Lecture on ‘Fake News, Hate Speech and National Security in Nigeria’ by The HMIC, Alh. Lai Mohammed, at The National Defence College




Please permit me to thank the authorities of the National Defence College, in particular the Commandant, Major General Attu, for the invitation extended to me to deliver a lecture here today. May I also congratulate the participants of the National Defence College Course 29, who are the reasons we are here today.

2. The invitation to me gave me the leverage to treat the topic that was given to me, which is ‘Fake News and National Security in Nigeria’, as I may deem fit, hence I have decided to take some liberty to expand the topic to read ‘The Impact of Fake News and Hate Speech on National Security in Nigeria.’ I have tweaked the topic in order to make it more relevant to what we are facing in Nigeria at the moment. I am sure by the time I conclude this presentation, you will appreciate better the reason I have taken the decision to recast the topic.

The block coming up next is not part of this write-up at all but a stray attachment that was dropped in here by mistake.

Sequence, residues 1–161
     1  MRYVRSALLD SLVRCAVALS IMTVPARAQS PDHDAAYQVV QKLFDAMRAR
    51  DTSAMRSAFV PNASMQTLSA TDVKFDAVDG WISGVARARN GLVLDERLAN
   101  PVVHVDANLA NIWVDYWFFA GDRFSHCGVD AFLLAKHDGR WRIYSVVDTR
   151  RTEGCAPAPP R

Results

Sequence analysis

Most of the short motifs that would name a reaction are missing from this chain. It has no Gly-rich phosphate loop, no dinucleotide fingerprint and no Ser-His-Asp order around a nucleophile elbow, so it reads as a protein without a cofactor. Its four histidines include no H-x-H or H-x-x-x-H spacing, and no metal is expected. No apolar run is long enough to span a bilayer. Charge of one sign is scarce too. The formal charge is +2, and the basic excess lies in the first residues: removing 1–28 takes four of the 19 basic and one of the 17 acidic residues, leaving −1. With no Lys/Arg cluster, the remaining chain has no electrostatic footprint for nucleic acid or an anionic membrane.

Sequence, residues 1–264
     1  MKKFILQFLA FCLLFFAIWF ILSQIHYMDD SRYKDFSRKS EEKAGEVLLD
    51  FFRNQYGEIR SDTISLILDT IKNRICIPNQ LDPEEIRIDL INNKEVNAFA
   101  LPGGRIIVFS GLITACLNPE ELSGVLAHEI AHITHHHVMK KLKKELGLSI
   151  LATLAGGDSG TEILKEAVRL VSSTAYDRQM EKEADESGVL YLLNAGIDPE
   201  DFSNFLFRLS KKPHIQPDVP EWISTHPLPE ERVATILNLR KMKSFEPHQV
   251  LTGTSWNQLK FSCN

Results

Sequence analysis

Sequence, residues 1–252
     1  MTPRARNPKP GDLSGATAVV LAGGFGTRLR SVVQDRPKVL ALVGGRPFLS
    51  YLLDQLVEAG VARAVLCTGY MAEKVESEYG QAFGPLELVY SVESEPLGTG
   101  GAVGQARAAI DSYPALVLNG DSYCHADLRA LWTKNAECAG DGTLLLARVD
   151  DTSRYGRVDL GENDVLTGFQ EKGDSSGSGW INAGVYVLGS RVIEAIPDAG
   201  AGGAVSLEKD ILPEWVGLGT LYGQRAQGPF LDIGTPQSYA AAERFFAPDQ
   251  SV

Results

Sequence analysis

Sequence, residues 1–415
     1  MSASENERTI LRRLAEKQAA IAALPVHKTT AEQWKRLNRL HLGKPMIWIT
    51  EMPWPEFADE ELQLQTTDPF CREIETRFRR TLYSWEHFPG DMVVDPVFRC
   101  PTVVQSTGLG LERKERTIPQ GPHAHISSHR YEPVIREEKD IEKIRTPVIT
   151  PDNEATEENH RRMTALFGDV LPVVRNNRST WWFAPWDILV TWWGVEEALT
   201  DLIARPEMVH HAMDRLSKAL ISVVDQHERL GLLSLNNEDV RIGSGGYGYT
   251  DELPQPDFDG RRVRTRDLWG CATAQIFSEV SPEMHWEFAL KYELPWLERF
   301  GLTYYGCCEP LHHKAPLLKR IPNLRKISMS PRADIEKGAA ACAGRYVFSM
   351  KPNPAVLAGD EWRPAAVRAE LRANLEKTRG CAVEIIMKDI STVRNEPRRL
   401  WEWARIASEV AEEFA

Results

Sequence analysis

3. Going into this presentation, please allow me to give some background information. Social Media platforms are now the preferred medium for reaching millions of people with whatever ideas, including subversive or anarchic ideas, hence it is the platform of choice for the purveyors of fake news and hate speech.